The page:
kid-taking-a-test2.jpg
Is it me or is it the test?
Ever since high-stakes testing came into being in this state a dozen years ago, we've been in

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New Federal Study Proves: Your Kids Don't Actually Suck at Math

kid-taking-a-test2.jpg
Is it me or is it the test?
Ever since high-stakes testing came into being in this state a dozen years ago, we've been in a collective depression about our kids' math scores. Year after year, WASL scores have tanked. Last spring, for instance, only 45 percent of 10th graders passed the math WASL.

"Math continues to be our problem," lamented state Superintendent of Public Instruction Randy Dorn, announcing the scores last August.

Some, like University of Washington weather guru and math traditionalist Cliff Mass, blame the fuzzy teaching methods of so-called "reform math."

But a new federal study released yesterday provides a counterweight to the doomsayers. Turns out there's a reason that math WASL scores are embarrassingly low. The test is hard--harder than the math tests used by most states, according to the study by the National Center for Education Statistics.

The analysis--done by comparing students' scores on state tests with those on a national standardized test called the National Assessment of Education Progress (NAEP)--underscore once again the faulty premise of No Child Left Behind. The federal act threatens states with sanctions if their students do not meet certain benchmarks on assessments. But since states are left to design their own assessments, there's no consistent standard. (There's no consistent sanction either, as the lack of penalties for failing scores at Seattle's Aki Kurose Middle School has shown, but that's another matter.)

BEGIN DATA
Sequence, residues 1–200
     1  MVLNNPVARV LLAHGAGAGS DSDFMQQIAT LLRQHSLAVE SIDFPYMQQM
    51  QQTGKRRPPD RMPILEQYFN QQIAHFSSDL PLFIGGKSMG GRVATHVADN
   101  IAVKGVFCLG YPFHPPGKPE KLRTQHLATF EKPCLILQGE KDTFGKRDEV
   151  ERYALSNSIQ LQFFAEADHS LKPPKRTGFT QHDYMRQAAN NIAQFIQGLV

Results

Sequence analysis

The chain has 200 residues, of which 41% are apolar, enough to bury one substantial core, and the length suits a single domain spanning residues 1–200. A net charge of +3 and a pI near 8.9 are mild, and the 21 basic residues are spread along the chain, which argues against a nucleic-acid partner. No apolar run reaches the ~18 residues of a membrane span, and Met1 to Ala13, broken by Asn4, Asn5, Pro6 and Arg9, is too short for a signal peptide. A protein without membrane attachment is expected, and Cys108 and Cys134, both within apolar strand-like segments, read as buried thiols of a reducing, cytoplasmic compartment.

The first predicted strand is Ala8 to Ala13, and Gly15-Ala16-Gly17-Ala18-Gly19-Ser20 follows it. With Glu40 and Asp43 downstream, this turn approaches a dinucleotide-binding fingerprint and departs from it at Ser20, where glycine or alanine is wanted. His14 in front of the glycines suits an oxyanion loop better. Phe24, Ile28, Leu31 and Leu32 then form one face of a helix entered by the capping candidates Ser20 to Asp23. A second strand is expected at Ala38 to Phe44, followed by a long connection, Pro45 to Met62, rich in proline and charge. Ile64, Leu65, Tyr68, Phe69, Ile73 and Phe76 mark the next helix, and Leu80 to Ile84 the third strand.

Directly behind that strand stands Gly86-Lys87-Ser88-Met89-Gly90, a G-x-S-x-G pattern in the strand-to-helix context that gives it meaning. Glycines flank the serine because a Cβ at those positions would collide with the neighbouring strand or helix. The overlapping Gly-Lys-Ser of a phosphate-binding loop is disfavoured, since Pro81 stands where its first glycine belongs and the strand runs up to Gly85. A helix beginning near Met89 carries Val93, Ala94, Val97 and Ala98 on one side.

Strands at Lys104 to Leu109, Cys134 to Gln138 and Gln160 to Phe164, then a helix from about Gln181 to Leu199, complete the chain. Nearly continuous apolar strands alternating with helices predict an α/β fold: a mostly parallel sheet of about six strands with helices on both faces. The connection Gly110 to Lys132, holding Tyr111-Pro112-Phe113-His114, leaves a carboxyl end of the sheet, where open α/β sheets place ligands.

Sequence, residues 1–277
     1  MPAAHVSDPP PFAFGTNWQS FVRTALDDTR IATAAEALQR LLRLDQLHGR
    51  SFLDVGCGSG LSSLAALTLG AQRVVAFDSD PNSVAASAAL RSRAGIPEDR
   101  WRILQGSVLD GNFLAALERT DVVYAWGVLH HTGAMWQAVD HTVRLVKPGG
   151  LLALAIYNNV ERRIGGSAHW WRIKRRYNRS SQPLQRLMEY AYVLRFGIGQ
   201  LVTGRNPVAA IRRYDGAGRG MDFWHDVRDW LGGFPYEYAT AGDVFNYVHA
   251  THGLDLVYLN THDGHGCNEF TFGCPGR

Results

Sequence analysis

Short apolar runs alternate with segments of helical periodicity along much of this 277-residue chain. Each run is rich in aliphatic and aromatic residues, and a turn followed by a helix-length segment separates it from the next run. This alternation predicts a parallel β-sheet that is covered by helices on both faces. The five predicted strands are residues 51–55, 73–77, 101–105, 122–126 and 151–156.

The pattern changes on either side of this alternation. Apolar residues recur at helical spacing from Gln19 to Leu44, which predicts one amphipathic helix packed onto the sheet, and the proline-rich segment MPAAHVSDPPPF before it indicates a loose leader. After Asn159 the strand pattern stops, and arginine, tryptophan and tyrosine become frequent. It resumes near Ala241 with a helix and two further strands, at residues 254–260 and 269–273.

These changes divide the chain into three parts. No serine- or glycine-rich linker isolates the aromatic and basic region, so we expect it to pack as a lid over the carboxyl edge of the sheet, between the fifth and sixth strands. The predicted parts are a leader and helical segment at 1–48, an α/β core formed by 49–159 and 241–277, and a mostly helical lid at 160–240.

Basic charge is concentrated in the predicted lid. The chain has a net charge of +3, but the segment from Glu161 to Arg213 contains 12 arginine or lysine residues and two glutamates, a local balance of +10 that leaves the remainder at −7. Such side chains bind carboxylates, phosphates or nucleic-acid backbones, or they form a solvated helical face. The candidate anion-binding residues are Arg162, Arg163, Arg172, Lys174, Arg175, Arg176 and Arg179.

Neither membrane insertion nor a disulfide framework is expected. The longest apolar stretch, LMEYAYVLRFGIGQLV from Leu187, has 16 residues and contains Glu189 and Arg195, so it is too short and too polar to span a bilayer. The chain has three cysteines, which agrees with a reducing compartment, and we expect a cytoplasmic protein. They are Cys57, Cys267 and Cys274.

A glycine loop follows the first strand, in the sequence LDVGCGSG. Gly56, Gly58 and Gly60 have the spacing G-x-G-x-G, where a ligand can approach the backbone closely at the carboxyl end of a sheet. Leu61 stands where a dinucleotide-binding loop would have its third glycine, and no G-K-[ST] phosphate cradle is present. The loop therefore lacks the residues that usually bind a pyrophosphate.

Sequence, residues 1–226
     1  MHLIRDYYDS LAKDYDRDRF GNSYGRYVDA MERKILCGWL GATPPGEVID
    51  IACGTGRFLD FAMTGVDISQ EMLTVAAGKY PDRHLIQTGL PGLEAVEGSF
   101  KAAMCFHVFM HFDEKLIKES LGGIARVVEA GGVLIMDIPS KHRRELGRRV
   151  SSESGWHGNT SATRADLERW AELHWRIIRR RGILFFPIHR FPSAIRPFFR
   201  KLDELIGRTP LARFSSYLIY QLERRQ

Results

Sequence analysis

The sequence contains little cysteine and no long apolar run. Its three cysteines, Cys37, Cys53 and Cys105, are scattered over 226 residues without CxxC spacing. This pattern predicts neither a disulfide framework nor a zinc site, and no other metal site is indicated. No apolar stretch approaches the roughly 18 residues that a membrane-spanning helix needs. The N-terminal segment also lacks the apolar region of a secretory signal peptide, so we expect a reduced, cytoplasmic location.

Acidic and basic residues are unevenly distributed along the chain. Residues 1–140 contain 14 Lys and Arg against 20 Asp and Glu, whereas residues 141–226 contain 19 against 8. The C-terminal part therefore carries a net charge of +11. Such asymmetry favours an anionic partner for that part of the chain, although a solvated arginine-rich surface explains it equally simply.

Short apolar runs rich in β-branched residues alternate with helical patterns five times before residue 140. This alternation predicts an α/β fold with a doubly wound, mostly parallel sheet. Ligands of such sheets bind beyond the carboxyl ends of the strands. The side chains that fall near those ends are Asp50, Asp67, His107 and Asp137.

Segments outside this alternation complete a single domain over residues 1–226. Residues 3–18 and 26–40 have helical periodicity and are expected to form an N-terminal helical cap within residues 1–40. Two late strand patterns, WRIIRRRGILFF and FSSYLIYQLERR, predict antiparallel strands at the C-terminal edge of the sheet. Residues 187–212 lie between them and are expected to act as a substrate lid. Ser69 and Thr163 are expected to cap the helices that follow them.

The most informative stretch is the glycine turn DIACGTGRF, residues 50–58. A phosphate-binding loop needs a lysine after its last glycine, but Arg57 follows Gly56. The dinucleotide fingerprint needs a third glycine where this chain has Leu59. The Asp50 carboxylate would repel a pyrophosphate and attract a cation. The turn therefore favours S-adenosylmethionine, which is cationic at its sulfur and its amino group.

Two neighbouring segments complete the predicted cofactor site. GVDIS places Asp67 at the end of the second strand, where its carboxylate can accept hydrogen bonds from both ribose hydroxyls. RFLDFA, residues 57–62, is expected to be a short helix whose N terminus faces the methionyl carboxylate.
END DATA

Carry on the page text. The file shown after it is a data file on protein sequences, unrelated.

No Child also sets a deadline of 2014 for states to have all their students performing at a "proficient" level. So guess what else the new study found? Many states are lowering the bar by which students can be judged proficient. That's one way of bringing people up to standard. The study provides ammunition for a new push for national education standards.

Will Washington state make its test easier? "On the high school test, you could certainly argue that proficiency on the test is too difficult too achieve," says Chris Barron, spokesperson for Dorn. Only 45 percent of all 10th graders--and 21 percent of black 10th graders-- passed the math WASL last spring. That's something Barron says the Superintendent will keep in mind as his office designs the new, shorter tests that he has ordered to replace the WASL. Sounds like students could be in for a reprieve.

 
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